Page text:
• Barn & Company in Chicago’s Lincoln Park neighborhood regularly schedules promotions to draw in clubs, groups and organizations. One such group, Geeks Who Drink, currently meets there on Tuesdays to, well, drink and play team competition quiz games. A $12.99 all-you-can-eat wing special has proven irresistible, and so are the higher-than-usual profits from the sale of beer and drinks. Group events create an energy and excitement in any restaurant that many customers crave. 
  • Booty’s Wings, Burgers & Beer in Surprise, Arizona,, is a six-time National Buffalo Wing Festival Award winner. That alone should be a big enough draw, but Booty’s hedges its bet every Thursday with a combo offer of 70 cent all day wings, $3 margaritas, an all day happy hour and nighttime karaoke. Special one day wing pricing is a great draw, but paring it with drink specials and other promos will pack ’em in. You can only imagine how wild karaoke night (and drink sales) must be during the all day party. The lesson here is that offering a combo promotion is far more productive than a simple solitary offering. A simple no-brainer promotion that any restaurant can pull off simply pairs wings and beer. Pick a craft beer and a style of wings and make it a special. Booty’s holds this particular promotion on Thursdays, but why not offer yours on Mondays or Tuesdays to generate traffic on slow days? 


Greene’s Ale House in Oswego, New York,  uses a “Beat the Clock” chicken wing promotion to drive customer traffic on Mondays and only Mondays. It works like this: from 3 to 6 p.m. chicken wings are 60 cents each. The price goes up to 70 cents from 6 to 9 p.m.  and 80 cents from 9 p.m. to midnight. The promo not only attracts customers on a traditionally slow day, but it also encourages them to show up early. It’s simple and successful.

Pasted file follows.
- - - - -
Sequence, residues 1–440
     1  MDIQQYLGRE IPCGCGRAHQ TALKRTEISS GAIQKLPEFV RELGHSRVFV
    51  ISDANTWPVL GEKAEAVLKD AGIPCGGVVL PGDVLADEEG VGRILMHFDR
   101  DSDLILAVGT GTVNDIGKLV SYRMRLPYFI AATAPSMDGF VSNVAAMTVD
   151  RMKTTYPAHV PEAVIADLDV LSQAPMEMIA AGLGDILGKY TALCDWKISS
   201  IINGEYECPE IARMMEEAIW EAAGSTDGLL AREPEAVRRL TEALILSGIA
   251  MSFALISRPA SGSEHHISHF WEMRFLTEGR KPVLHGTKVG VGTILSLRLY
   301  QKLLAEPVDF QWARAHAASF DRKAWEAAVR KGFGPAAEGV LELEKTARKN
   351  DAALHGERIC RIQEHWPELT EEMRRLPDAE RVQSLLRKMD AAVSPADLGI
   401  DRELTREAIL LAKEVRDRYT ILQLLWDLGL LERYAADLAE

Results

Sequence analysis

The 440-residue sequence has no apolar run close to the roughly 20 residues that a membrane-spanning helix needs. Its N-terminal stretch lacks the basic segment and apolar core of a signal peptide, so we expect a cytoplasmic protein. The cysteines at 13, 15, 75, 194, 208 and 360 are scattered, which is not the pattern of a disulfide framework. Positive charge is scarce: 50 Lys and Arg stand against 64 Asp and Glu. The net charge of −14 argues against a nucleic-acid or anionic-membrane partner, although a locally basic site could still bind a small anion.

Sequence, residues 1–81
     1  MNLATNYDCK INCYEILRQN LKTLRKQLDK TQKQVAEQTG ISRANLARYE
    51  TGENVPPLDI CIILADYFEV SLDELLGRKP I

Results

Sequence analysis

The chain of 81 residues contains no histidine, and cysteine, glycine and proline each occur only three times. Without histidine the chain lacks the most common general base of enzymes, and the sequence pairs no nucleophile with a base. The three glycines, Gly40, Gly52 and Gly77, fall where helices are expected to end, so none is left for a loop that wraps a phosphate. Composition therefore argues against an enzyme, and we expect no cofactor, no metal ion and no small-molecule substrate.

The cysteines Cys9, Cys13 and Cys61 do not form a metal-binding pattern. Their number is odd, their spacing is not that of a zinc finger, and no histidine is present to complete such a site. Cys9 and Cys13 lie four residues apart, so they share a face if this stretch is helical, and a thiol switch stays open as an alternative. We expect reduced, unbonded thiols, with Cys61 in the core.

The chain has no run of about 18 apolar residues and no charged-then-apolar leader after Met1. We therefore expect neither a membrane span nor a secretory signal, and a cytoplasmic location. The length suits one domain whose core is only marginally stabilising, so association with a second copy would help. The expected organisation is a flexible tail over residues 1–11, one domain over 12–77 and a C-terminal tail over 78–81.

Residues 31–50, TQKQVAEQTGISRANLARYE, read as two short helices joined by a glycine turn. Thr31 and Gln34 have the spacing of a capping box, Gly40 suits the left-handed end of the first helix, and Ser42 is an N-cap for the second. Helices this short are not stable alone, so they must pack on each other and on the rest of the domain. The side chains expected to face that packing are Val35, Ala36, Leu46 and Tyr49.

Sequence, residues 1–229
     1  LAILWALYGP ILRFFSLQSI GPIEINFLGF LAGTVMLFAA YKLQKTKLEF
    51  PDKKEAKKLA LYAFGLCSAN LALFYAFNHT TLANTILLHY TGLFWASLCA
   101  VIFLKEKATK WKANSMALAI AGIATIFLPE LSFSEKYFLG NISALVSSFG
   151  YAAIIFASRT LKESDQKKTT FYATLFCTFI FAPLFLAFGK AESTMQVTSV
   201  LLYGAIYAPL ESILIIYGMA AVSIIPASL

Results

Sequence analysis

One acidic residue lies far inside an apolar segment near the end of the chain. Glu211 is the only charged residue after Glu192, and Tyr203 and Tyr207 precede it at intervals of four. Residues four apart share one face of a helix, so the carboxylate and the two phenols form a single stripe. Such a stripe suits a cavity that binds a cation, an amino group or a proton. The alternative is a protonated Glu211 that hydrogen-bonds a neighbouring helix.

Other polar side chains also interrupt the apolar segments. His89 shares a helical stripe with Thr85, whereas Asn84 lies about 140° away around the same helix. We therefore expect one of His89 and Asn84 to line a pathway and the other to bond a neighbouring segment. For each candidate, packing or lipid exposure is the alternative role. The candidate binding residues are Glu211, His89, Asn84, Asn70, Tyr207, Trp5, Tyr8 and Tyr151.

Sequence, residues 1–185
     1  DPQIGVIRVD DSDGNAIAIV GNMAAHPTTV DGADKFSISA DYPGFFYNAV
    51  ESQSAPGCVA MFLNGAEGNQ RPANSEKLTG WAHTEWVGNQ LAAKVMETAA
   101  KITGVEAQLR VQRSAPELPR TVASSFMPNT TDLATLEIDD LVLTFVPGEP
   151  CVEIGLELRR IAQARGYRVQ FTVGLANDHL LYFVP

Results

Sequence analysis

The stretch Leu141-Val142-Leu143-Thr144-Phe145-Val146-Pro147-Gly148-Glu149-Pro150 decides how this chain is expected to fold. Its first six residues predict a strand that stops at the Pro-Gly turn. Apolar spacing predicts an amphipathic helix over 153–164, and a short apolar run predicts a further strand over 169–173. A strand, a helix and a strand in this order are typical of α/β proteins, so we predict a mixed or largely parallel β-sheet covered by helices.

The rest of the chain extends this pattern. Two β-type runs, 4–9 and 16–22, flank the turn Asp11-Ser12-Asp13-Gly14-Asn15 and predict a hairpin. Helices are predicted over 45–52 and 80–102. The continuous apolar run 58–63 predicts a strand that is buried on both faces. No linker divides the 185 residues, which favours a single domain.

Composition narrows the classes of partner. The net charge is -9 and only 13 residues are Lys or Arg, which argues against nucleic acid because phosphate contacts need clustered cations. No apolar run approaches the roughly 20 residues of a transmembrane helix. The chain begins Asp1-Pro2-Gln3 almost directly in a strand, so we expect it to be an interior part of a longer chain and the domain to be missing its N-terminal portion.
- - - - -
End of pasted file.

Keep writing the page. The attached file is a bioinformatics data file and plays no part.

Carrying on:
• Tony Roma’s offers Harissa Maple-Glazed Chicken wings, which it pairs with a side dish of fiery jalapeño coleslaw. The chain is cleverly tapping into the global flavors trend, which appeared on many lists of 2017 top food trends. A trendy wing style will catch the eyes of your more savvy customers, particularly if you pair it with an equally interesting side. Combos are the one-two punch of promotions. 
  • Buffalo Wild Wings, in that same global vein, offers Havana Heat Wings, which also taps into the global flavor trend, while connecting to current events (the warming of relations between the U.S. and Cuba). You can take this same idea to another level by offering a specific style of wings that reinforces your restaurant’s theme. P.F. Chang’s does this well with its Hunan Dragon Wings. You can build any number of combo promotions around a signature wing. 
  • J. Timothy’s Taverne in Plainville, Connecticut, separates itself from the buffalo wing crowd by creating a signature preparation method — “dirty style.” Its wings are fried, sauced, fried again and sauced again. The result is a wing that is caramelized and crispier with charred bits. For those who don’t like flabby wings but do like huge flavor, dirty wings rock. Customers can opt not to have their wings cooked “dirty,” a choice that’s not exercised often. The point is, with dozens of places selling chicken wings within a several mile radius of J Timothy’s, this concept has separated the restaurant from the crowd with a signature cooking method. Promote what makes you special.

Article originally appeared on Restaurant Hospitality.